Brooklyn’s Long Haul

25 Jun

Originally published on Seth’s Draft House (ran by @SethDavisHoops)

The Brooklyn Nets might be going through one of the strangest rebuilding processes we’ve ever seen. Without the luxury of top draft picks (despite featuring the NBA’s worst record in the 2016–17 season and the third-worst the year prior) or much in terms of attractive assets, sophomore general manager Sean Marks has to make do mostly with mid-to-late first rounders and second- or third-tier free agents.

But without the usual recourse for constructing a contending team out of the ashes of a massively shortsighted trade, Marks and Co. — with player development wizard Kenny Atkinson leading things from the bench — have cobbled together an interesting and cost-effective core with a significant amount of cap space this summer.

Restricted free agents like Tyler Johnson and Allen Crabbe, both of whom Brooklyn signed to offer sheets last summer but returned to their original teams, are probably going to be a focus again, as the Nets can use their room under the cap to throw out big offers at Kentavious Caldwell-Pope or Otto Porter and force teams like the Pistons and Wizards to match them.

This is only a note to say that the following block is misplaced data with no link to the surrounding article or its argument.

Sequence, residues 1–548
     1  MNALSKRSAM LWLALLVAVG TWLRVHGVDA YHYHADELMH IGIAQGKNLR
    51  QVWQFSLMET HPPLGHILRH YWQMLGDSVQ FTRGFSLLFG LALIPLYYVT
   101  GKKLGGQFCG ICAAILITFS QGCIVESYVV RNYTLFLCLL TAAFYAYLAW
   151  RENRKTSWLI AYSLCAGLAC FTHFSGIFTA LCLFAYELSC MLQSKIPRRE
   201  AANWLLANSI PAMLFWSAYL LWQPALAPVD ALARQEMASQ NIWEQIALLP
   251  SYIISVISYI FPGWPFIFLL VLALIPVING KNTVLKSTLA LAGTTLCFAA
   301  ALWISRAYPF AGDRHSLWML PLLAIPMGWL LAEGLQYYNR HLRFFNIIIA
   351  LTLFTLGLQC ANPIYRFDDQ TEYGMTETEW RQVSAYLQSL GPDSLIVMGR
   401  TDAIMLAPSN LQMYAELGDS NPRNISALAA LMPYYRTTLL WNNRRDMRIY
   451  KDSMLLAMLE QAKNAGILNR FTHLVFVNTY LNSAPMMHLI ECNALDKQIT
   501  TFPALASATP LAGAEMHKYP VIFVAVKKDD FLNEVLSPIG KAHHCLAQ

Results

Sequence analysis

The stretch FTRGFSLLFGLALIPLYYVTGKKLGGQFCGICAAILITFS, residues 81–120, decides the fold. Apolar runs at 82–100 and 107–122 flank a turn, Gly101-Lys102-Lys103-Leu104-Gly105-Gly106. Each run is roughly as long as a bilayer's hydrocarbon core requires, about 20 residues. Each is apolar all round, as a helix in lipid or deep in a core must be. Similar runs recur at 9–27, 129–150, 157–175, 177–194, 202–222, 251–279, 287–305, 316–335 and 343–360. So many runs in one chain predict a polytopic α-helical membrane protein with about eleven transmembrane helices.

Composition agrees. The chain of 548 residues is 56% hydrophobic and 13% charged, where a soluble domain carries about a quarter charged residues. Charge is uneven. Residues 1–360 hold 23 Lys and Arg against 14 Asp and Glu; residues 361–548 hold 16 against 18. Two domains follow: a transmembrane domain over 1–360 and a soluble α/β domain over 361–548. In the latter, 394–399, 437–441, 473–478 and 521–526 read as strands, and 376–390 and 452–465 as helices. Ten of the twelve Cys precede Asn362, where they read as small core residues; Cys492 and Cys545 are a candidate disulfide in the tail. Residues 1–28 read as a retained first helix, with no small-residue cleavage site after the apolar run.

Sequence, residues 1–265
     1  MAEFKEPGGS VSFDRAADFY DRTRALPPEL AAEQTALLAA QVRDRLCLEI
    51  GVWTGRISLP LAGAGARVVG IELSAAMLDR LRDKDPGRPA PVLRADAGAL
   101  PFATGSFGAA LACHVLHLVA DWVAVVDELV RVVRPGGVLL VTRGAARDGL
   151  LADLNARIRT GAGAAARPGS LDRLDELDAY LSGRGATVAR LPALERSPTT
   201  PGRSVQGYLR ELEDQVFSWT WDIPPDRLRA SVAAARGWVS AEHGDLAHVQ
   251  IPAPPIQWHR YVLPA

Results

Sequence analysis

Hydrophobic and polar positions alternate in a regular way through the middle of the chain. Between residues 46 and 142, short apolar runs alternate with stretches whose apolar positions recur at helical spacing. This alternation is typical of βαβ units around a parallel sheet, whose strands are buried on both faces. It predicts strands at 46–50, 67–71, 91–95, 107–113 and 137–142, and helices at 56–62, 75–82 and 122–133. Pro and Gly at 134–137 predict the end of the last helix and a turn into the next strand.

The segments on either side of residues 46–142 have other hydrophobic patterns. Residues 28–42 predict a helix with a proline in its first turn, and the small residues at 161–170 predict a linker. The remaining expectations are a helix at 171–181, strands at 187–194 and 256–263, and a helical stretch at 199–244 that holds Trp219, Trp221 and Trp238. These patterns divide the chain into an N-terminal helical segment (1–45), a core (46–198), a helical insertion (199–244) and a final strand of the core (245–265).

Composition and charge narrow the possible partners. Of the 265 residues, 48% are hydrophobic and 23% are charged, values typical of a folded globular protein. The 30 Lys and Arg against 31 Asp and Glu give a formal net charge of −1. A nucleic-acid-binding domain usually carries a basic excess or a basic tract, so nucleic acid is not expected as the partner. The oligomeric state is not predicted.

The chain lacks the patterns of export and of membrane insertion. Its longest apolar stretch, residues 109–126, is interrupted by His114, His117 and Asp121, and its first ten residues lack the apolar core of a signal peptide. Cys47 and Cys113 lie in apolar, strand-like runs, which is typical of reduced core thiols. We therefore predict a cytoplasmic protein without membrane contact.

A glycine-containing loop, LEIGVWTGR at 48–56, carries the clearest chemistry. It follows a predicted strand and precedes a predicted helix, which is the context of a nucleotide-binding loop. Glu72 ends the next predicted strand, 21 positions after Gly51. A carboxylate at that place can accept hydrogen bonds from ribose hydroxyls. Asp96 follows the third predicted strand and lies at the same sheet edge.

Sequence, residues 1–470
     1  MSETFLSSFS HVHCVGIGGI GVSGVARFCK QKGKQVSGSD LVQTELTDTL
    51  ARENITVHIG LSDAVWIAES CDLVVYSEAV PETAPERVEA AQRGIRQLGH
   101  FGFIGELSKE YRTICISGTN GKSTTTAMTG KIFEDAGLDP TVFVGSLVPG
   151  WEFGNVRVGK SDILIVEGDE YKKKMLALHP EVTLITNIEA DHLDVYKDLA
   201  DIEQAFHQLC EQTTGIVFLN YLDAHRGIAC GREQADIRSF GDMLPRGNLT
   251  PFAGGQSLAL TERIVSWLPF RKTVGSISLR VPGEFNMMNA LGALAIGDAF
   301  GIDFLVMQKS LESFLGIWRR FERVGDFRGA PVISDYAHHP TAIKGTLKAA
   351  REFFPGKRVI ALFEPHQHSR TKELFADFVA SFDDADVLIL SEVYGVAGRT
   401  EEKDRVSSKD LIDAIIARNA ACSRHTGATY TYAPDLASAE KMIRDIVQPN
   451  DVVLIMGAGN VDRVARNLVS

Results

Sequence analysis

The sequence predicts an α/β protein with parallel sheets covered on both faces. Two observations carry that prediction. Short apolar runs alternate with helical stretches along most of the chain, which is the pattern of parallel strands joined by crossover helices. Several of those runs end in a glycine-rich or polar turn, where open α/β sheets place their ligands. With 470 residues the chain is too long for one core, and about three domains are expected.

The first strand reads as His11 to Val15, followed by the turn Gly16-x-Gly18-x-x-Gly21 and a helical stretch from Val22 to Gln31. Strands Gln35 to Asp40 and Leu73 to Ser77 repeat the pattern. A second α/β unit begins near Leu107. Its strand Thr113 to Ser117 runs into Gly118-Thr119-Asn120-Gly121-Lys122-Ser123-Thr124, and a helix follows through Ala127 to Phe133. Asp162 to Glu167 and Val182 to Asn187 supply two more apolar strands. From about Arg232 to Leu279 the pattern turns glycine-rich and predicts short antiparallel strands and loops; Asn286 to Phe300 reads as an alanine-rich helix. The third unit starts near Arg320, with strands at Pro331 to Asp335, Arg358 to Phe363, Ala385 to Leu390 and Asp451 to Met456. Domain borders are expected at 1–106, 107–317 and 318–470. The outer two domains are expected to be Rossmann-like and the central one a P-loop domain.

That strategy might help Brooklyn find the two-way wing it needs but it’s also a risky one, as the Nets found out firsthand in 2016. So a name like Jonathon Simmons, who played well during the Spurs’ playoff run, is a possible target, even if he might have to be overpaid a bit to scare San Antonio away (much like how Detroit pried away Boban Marjanovic last summer).

It remains to be seen just how aggressive the Nets will be in free agency — this year’s crop isn’t too rife with the type of young guard/forwards that fit Brooklyn’s contention timeline — but they do have a pair of late first-round picks that could help beef up the frontcourt. They could add another from Portland if the Nets chose to sit out of the offseason bidding (relatively speaking) and use their cap space to absorb an extra contract.

The good news for the Nets is that the current draft class is very top-heavy, especially in the backcourt, which should bode well for their chances at getting a few quality forwards later in the first round. Caleb Swanigan, who was a unanimous first-team All-American in his sophomore season at Purdue, worked out with the team a few weeks ago and would be an interesting piece to play off Trevor Booker and Brook Lopez, who are Brooklyn’s likely frontcourt starters for the 2017–18 season.

Harry Giles is another intriguing name that might be available when the Nets first pick at No. 22. (Their other first-round slot is at No. 27). Giles is a former five-star prospect who only played 26 games at Duke — with middling results — and has already suffered multiple ACL injuries, so NBA teams are concerned about his durability. But at 6’11” with incredible talent, he might be worth the risk for a Nets team that hasn’t shied away from taking injury-prone players slipping in the draft.